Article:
Novell RIP: Implications of Microsoft Getting Creative with IP Ownership

Rob Enderle

This week, the passing of Novell was announced as Attachmate bought the company and most of the assets passed to CPTN Holdings, a consortium of companies created by Microsoft to hold patents. Attachmate, which largely lives as a mainframe interoperability with connectivity services and products, is likely planning to expand more aggressively into non-mainframe areas with the acquisition. However, it is CPTN Holdings that may represent the more interesting part of the deal.


CPTN may be both a defensive and offensive tool for the companies that have invested in it. It's a defensive tool in that the patents can be used by the investors if the investors are sued for related patent infringements. It can also be used as an offensive tool against companies infringing on CPTN patents that are competing with the investors. If that were to happen, CPTN could be the entity taking the action to shield the investing company from anti-competitive challenges.


Let's explore this a little bit.


The IP Mess of 2010


This year has seen a massive uptick in litigation between companies, with Google involved in most of the action. We have Apple and Microsoft going after Android licensees; we have Oracle attacking Google with Java; we have counter suits popping up as well. It's beginning to feel like a wonderful decade if you are an IP litigator. But if you are trying to bring a potentially infringing product to the market (particularly one that has roots tied to Linux), it's not looking so attractive.


This litigation is becoming an increasingly huge distraction, particularly because everyone seems to want to depose or put CEOs on the witness stand in order to either embarrass them-like Oracle wants to do with HP's new CEO-or force the company to make a settlement, which is what SCO had intended to do with IBM.


CEOs aren't huge fans of being deposed or being on a witness stand thanks to seeing Bill Gates' taped testimony in Microsoft's DOJ trial. They would rather have someone else deal with these problems.


Creating an Arm's Length Litigation Entity


The sustaining lesson from the SCO disaster is that firms that try to be active in litigation and in trying to bring products to market will fail with at least one of the two efforts or both. This suggests a different approach: one that puts the intellectual property that will be used both offensively and defensively into a pool that can be managed by a company that is structured and staffed by litigation experts, much like a patent troll is staffed. This provides a corporate vale between the companies that hold the patents and those litigating to protect them or the firms' interests, and to place people who are properly trained in key decision-making roles. In a way this could be both the best offensive play and the best defensive play against patent troll companies because it's a better match for them in terms of skill-sets and the company can effectively compete with patent troll companies for legal resources.


If the UNIX patents are used against companies like Redhat and Google, many of the problems SCO experienced would be avoided and it would potentially protect Microsoft and its partners from retaliation. The holding firm is missioned to protect the properties it manages and it wouldn't be acting under the direct control of any of the investors, but its goals and the goals of those investors would be aligned.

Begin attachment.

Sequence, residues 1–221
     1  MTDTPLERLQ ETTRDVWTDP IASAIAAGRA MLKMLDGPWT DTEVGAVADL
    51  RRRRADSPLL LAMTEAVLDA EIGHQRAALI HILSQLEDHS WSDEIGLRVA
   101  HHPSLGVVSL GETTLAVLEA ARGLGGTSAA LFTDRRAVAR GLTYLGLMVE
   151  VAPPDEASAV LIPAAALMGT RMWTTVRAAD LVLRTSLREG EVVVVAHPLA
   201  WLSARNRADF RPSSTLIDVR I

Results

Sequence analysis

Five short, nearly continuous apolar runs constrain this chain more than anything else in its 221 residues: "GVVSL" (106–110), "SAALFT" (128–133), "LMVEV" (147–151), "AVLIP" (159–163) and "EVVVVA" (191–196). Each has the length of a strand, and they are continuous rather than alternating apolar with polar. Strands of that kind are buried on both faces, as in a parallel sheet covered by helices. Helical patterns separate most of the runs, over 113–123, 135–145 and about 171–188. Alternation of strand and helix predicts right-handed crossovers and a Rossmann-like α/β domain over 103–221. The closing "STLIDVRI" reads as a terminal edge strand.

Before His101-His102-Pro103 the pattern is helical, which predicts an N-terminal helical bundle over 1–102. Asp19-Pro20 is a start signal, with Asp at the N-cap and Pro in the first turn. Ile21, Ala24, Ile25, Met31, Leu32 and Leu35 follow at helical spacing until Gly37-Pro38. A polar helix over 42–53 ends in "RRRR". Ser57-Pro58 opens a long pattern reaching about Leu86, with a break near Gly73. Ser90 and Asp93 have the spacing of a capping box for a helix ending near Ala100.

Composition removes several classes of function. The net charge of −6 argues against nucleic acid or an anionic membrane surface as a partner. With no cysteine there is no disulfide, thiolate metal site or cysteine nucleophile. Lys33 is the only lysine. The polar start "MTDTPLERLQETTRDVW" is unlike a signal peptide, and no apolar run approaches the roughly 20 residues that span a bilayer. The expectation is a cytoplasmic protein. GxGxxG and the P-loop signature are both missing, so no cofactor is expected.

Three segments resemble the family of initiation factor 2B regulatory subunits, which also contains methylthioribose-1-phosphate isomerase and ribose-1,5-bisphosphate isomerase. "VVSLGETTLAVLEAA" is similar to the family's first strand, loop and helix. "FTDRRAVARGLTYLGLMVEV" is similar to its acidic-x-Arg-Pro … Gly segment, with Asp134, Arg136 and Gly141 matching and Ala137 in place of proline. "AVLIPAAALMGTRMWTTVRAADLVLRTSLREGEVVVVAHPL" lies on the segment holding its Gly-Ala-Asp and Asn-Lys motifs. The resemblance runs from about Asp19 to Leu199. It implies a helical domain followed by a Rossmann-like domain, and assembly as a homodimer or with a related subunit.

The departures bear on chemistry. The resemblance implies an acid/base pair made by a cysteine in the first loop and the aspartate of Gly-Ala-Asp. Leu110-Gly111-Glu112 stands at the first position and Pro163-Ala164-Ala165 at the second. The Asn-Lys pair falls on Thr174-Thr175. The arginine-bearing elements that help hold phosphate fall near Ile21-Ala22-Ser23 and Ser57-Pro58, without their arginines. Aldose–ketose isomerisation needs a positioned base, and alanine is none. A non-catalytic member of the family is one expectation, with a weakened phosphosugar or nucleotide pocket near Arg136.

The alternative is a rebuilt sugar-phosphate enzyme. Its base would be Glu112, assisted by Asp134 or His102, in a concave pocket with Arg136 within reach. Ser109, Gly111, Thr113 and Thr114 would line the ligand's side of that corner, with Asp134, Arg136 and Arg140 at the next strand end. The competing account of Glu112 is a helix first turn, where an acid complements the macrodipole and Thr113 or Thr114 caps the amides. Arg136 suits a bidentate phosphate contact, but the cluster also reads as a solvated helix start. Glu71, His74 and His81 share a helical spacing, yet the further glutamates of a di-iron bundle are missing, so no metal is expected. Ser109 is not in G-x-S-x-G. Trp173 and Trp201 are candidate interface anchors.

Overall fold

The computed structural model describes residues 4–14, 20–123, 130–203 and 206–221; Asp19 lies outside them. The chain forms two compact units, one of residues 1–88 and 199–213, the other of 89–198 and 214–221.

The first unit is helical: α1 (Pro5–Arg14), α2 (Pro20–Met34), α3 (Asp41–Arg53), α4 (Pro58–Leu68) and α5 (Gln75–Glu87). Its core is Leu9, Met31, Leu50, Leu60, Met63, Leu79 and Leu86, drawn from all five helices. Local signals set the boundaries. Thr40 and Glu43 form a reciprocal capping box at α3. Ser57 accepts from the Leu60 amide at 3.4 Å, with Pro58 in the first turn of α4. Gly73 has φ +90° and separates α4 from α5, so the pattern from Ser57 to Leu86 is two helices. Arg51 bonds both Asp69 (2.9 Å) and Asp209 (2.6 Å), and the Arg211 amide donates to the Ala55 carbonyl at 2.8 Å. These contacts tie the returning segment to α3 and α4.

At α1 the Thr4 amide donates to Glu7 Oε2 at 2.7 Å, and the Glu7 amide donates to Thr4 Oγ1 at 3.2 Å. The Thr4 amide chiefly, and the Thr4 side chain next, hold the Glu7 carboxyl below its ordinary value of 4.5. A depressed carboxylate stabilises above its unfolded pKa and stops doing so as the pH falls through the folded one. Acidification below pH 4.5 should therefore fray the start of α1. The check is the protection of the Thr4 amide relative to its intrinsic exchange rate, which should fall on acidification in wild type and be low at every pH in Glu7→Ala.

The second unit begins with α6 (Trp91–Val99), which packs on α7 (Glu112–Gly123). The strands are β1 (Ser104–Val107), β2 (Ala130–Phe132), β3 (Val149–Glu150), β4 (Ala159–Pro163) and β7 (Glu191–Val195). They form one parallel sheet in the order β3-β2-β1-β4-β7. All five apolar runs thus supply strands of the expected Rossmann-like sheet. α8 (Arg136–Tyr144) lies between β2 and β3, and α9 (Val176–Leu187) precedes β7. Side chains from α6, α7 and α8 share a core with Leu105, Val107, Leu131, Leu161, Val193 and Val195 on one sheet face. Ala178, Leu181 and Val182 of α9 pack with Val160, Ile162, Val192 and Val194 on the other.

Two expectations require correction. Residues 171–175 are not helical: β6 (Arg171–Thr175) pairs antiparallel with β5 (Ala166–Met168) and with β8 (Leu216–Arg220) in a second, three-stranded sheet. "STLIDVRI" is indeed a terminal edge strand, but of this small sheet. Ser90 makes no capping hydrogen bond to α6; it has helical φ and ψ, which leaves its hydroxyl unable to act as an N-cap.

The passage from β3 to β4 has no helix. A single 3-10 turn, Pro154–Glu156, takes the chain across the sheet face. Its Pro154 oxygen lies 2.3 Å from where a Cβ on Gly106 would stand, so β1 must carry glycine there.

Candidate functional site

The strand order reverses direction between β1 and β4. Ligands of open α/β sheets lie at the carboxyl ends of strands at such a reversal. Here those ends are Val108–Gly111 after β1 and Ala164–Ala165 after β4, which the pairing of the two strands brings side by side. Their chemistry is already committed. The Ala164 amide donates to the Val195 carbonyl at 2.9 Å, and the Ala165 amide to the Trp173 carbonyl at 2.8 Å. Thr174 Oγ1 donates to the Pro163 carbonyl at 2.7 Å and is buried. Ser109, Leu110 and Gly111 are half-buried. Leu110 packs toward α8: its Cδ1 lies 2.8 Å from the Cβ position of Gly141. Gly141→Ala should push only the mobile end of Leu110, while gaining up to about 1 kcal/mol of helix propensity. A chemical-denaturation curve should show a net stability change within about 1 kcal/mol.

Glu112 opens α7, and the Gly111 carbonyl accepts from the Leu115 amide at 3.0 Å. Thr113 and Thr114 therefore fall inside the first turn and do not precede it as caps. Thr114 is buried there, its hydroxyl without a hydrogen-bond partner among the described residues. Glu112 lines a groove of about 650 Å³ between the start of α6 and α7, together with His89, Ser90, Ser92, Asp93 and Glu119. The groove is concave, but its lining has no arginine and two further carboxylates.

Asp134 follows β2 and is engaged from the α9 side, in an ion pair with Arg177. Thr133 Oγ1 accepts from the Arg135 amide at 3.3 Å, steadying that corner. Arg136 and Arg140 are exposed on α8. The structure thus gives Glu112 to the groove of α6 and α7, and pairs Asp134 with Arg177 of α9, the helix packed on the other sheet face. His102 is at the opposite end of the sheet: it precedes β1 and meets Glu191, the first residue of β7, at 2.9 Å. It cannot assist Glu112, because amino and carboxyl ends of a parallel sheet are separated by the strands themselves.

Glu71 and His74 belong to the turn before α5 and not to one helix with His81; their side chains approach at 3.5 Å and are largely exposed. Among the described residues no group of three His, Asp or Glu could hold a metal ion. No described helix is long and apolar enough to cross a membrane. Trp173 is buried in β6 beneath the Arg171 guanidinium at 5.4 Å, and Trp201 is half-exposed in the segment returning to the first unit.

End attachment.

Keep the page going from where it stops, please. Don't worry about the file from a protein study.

This could turn out to be rather brilliant in hindsight and it suggests that Microsoft is upping their game and getting very creative in an area that hasn't seen that much creativity of late.


Wrapping Up: Redhat and Google First Targets


But what does this mean for you? Well, not much, unless you are licensing Redhat Linux, Android or Chrome OS. And if you are and you aren't an IT vendor, this probably won't have much impact on you in 2011.


However, if this new patent holding consortium does go on the offensive, which is likely, it will probably target either Google or Redhat first. Because Redhat doesn't have much in the way of resources, it may be an easier target-but a less lucrative one-and has likely been preparing for this litigation for some time. This will be CPTN's call because Microsoft, to get the protection of being at arm's length, must leave this choice to the holding company.


Google's CEO, however, has a historic inability to think before he speaks or writes. Google hasn't really done that much work to prepare for litigation and has deeper pockets to pay settlements or judgments. In addition, Google is large and increasingly disliked as a company and would be a far less likely defendant to provide PR advantages as well. However, Google's licensees, to date, have been far more attractive targets and most of the low hanging fruit is already engaged in litigation making the choices more interesting.


Long-term consortiums like CPTN holdings may be how big companies pool resources in order to buy IP and to provide mutual protection and a return on their IP investments. This might actually lead to less litigation over the long-term. We'll see, but one thing is certain: Microsoft is thinking creatively here and that means change is certainly in the wind.

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